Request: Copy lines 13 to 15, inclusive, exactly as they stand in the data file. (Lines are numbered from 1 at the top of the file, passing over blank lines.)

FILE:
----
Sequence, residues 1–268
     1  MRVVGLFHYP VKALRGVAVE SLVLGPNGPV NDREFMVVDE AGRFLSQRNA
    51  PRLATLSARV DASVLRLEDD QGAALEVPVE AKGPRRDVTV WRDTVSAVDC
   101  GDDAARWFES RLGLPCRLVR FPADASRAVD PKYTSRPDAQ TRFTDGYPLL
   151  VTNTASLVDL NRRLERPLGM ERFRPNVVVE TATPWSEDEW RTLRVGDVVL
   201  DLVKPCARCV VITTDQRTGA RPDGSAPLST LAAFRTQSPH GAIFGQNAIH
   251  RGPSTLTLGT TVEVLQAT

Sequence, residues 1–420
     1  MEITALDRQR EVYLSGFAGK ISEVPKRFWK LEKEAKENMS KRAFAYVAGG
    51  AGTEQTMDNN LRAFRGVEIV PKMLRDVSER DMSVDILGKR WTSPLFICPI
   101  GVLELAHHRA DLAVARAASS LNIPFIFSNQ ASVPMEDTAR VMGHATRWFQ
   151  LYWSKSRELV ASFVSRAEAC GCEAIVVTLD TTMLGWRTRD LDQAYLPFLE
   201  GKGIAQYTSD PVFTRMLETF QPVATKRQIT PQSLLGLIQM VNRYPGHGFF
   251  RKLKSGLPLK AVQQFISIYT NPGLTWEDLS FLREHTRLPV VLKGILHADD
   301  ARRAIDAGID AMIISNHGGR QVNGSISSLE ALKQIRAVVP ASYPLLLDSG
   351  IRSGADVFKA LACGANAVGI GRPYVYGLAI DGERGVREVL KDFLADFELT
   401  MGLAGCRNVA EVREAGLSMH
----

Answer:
   201  GKGIAQYTSD PVFTRMLETF QPVATKRQIT PQSLLGLIQM VNRYPGHGFF
   251  RKLKSGLPLK AVQQFISIYT NPGLTWEDLS FLREHTRLPV VLKGILHADD
   301  ARRAIDAGID AMIISNHGGR QVNGSISSLE ALKQIRAVVP ASYPLLLDSG